that these people will eat no kind of meat that M
in the least tainted, or not perfectly fresh, while,
on the contrary, it is hardly possible for fish to be
in too putrid a state for them, and 1 have fr^j
quently known them, when a whale has been
driven ashore, bring pieces of it home with them
in a state of offensiveness insupportable to any
thing but a crowr, and devour it with high relish,
considering it as preferable to that which is fresh.
On the morning of the 13th of December commenced what to us appeared a most singular; * II
farce. Apparently without any previous notice
Maquina discharged a pistol close to his son's
ear, who immediately fell down as if killed, upon
which all the women of the house set up a most
lamentable cry, tearing handfuls of hair from
their heads, and exclaiming that the prince was
dead; at the same time, a great number of the
inhabitants rushed into the house, armed with
their daggers, muskets, &c. inquiring the cause
of their outcry ; these were immediately followed by two others dressed in wolfskins, with masks
over their faces, representing the head of that animal ; the latter came in on their hands and feet
in the manner of a beast, and taking up the
prince, carried him off upon their backs, retiring in
the same manner they entered. We saw nothing
more of the ceremony, as Maquina came to us,
and giving us a quantity of dried provision^ ordered us to quit the house and not return to the
village before the expiration of seven days, for
that if we appeared within that period, he should
kill us. '■'$> -M' '■ '#'■''" '•' :- f ' ■ ' ; -w
- At any other season of the year such an ordef
wdiild by us have been considered as an indulgence, in enabling us to pass our time in whatever way we wished, and even now, furnished as we
were, with sufficient provision for that term, it was
not  very  unpleasant to  us,  more particularly
ff hompson^ who was always desirous to keep as
11* 126' ' -| NARRATIVE OF |j['.. %■
much as possible out of the society and sight of
the natives, whom he detested. Taking with us
our provisions, a bundle of clothes, and our axes,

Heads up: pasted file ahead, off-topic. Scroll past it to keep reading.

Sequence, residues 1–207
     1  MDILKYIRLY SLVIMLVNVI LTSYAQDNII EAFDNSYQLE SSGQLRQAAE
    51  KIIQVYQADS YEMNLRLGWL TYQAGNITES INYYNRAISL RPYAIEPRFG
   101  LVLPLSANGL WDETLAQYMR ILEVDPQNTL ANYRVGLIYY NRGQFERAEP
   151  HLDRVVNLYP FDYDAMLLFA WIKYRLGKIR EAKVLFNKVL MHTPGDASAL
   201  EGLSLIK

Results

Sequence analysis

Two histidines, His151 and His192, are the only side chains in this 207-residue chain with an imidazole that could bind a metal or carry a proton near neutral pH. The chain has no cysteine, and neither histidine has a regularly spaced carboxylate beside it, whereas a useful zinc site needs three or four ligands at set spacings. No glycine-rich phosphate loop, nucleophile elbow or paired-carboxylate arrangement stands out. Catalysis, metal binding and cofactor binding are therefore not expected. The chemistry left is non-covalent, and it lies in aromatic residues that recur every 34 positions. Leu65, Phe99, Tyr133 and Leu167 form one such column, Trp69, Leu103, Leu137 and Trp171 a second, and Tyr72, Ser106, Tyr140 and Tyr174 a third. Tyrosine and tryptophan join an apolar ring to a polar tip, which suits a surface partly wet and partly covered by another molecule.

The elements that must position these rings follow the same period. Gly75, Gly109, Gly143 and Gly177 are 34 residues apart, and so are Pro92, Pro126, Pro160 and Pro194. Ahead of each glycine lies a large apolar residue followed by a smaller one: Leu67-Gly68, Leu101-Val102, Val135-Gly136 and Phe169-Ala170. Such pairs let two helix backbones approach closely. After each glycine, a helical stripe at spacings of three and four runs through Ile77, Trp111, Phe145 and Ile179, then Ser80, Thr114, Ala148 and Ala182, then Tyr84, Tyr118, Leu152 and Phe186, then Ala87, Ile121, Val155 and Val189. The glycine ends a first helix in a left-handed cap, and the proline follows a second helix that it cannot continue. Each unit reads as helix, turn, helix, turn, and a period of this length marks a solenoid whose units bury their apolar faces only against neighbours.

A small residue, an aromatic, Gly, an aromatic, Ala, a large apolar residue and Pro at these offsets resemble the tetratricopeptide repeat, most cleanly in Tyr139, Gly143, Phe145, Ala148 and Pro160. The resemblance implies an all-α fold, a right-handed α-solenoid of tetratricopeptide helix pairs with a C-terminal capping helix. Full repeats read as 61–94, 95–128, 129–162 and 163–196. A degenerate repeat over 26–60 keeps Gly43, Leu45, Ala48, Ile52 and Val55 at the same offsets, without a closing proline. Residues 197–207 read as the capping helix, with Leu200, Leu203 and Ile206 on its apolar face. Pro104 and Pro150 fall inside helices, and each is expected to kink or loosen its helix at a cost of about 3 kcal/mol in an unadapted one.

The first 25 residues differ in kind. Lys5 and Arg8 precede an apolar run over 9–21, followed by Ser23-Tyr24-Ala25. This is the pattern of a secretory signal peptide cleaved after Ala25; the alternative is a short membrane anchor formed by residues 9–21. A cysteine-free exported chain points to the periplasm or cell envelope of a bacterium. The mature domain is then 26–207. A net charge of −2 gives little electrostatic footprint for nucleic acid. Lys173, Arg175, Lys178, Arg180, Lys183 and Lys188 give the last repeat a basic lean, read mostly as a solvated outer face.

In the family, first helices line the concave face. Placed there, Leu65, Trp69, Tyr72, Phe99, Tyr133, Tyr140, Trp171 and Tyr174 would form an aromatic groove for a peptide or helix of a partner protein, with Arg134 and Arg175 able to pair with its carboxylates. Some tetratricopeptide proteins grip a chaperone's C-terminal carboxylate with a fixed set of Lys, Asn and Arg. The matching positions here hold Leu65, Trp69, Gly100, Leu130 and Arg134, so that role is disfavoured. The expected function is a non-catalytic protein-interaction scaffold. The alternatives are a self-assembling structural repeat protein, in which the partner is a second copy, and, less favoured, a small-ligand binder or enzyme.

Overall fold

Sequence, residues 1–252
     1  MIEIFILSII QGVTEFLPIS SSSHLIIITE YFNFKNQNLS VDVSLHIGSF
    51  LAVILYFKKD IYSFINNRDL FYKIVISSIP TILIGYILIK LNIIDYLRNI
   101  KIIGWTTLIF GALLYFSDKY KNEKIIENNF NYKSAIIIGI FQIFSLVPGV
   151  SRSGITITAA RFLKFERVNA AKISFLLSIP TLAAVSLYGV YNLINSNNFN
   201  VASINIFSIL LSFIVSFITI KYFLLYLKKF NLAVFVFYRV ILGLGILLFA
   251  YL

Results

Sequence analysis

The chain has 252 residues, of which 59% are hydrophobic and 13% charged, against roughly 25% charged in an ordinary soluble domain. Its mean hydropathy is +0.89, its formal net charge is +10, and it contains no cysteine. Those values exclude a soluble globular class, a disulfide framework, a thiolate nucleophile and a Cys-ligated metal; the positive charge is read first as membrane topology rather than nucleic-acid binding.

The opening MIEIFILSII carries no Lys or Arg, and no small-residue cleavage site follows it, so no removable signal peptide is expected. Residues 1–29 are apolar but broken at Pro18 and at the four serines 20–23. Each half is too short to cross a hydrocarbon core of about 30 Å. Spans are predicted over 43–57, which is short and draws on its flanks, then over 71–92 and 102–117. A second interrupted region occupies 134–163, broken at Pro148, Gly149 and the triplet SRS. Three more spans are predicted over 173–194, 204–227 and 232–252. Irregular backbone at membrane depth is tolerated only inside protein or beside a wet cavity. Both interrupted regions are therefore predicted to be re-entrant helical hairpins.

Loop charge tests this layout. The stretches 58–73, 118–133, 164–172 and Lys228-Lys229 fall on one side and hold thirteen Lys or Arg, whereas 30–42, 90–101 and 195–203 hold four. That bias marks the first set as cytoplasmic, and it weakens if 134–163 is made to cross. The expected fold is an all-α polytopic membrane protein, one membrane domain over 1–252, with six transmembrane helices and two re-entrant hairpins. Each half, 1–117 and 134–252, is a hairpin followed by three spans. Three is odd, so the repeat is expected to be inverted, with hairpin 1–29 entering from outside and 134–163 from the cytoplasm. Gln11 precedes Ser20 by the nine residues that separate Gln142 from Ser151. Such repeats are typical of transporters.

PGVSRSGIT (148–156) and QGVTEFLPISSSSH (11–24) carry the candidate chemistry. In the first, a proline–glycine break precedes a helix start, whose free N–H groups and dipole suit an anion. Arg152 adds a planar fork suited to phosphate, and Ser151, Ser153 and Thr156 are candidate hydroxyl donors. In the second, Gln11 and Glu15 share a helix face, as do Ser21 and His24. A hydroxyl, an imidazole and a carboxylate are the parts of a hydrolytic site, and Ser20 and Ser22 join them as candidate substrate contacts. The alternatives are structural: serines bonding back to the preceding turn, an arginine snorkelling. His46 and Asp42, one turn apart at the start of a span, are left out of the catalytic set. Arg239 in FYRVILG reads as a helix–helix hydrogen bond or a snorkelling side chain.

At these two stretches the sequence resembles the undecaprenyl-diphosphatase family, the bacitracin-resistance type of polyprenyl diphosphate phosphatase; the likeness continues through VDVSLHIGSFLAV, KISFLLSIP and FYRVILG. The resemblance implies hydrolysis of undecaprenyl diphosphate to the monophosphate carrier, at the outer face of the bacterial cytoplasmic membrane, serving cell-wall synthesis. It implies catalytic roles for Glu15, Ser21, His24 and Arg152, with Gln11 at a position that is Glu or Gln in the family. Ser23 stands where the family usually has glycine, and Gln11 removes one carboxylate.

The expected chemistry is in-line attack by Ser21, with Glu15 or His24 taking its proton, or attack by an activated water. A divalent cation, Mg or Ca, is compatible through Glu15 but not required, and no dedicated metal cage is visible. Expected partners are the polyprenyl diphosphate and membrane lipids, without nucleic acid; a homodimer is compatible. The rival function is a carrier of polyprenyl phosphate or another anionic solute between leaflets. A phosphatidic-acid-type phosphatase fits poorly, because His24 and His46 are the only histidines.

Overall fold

we obeyed the directions of Maquina, and withdrew into the woods, where we built ourselves a
cabin to shelter us, with the branches of trees,
and keeping up a good fire, secured ourselves
pretty well from the cold. Here we passed the
prescribed period of our exile, with more content
than much of the time while with them, employing the day in reading and praying for our release, or in rambling around and exploring the
country, the soil of which wre found to be very
good, and the face of it beautifully diversified
with hills and vallies, refreshed with the finest
streams of water, and at night enjoyed comforta^
ble repose upon a bed of soft leaves, with our
garments spread over us to protect us from the
cold.   < Jfaa < ",- -   .     -. -a *
At the end of seven days we returned, and
found several of the people of A-i- tiz-zart with'
their king or chief, at Tashees, who had been invited by Maquina to attend the close of this performance, which 1 now learnt was a celebration,
held by them annually, in honour of their god,
whom they call Quqihootze, to return him their
thanks for his past, and implore his future favours. It terminated on the 21st, the day after
our return, with a most extraordinary exhibition.
i!   ft JOHN R. JEWITT.
Three men, each of whom had two bayonets run
through his sides, between the ribs, apparently
jegardless of the pain, traversed the room, backwards and forwards, singing war songs, and exulting in this display of firmness. f| fe^^P^